"I'm aware," Severus laid her on the sofa against the wall of his office and conjured a fluffy green blanket. "Just a little while, alright? Then you can help me check that the Hogwarts Express is ready for its practice run." He brushed the stray hair off her forehead, and Sevannah closed her eyes, slipping easily into sleep.
"Here," Fred handed each of his daughters a crate. "Stock these along the outer wall."
Georgia took her box and looked at their father. "10 sickles an hour."
Fred smirked. "Dinner, and a place to sleep tonight."
"Sounds fair," Georgia put her crate down so she could hold her hands up in surrender. She looked down into the box. "There's like a million boxes in here!" She groaned and rolled her eyes before picking up the crate again and heading across the store.
Fred looked at the other twin. "Are you going to try to extort me too?"
Sevannah looked up at him innocently. "No, Daddy. But I bet I can do it faster than Georgia."
Fred raised an eyebrow. "Faster and more accurately?"
Sevannah nodded. "Bet you 10 sickles."
Fred looked around the shop, then dropped his voice. "You're on. Go."
Sevannah grinned and skipped off with her crate of blood capsules. Georgia would never finish before her sister. She was too easily distracted and didn't have any eye for perfection. If you wanted something done that was dangerous or exciting, Georgia was your girl. If you wanted precision, you needed Sevannah.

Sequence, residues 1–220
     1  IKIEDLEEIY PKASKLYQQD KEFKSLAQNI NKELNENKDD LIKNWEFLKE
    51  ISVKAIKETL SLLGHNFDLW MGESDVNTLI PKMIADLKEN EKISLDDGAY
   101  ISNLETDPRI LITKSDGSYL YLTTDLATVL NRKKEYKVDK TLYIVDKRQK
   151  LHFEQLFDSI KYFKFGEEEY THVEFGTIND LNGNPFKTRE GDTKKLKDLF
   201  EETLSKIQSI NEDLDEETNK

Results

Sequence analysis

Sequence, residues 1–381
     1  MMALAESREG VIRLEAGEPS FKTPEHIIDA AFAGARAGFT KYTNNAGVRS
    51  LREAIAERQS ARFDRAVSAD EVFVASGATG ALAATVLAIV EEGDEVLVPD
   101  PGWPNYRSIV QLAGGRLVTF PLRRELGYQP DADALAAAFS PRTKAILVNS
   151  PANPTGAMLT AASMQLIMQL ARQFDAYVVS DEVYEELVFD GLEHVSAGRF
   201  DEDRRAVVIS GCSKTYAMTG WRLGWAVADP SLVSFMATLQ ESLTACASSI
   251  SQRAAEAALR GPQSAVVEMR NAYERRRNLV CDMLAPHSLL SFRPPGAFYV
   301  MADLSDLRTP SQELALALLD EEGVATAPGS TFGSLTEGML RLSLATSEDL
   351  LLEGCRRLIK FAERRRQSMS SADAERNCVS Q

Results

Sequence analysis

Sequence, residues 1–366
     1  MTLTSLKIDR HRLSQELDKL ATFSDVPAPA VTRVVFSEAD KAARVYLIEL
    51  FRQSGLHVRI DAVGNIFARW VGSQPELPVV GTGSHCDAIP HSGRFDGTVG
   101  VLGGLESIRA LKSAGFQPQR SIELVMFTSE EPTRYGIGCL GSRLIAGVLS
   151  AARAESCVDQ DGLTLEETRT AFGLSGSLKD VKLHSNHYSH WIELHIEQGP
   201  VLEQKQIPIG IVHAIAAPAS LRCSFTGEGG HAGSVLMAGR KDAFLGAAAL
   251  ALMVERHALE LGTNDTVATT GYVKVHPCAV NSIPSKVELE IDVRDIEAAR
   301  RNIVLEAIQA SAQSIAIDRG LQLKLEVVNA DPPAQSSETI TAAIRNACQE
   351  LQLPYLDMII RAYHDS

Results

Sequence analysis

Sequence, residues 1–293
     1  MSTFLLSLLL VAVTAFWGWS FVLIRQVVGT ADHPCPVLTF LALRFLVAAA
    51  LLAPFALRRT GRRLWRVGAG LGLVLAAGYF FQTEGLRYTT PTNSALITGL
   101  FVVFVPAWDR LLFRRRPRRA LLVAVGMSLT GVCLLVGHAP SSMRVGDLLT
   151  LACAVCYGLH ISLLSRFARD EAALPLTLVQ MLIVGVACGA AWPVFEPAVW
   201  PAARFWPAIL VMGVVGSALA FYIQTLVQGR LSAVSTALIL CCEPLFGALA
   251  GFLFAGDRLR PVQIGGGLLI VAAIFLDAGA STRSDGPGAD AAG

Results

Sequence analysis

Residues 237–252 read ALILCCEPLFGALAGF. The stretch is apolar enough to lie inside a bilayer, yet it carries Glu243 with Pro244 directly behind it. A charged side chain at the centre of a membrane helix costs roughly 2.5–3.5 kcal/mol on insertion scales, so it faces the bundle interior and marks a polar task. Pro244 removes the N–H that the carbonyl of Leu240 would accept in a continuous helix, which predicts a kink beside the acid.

Forty minutes later, Sevannah watched as Fred counted out 10 sickles from his coin pouch. "I don't have to remind you not to tell your mother, right?"
Sevannah grinned and shook her head. Betting with Fred was all upside for her. When she won, she got paid, and when she lost, mysteriously he forgot all about it. No need to bring her mother into any of this. She pocketed the coins and went to watch Georgia finish working on her box of dungbombs.
"How do you did you do that so fast?" Georgia asked, looking over at the other section of wall.
"Focus." Sevannah said serenely.
"I would focus more if I wasn't slave labor," Georgia griped.
Sevannah smirked, softly jangling the coins in her pocket. "Yeah, it's pretty bad."
Fred appeared next to her. "Your mum is coming in 20 minutes to take you to Muggle London for school supplies."
"I thought Grandma was going to take us." Georgia looked up at him.
"Grandma gets confused with Muggle money," Fred put a casual arm around Sevannah. "And last time she took you two shopping, you ended up with 2 stuffed unicorns and no socks."
"That was Mum's fault," Georgia argued, putting another row of boxes on the shelf. "She didn't say we couldn't get stuffed unicorns instead of socks."
"Well, she'll be there this time, so maybe everything will be clearer," Fred laughed. "Finish that up, and you can both get one piece of candy for being helpful."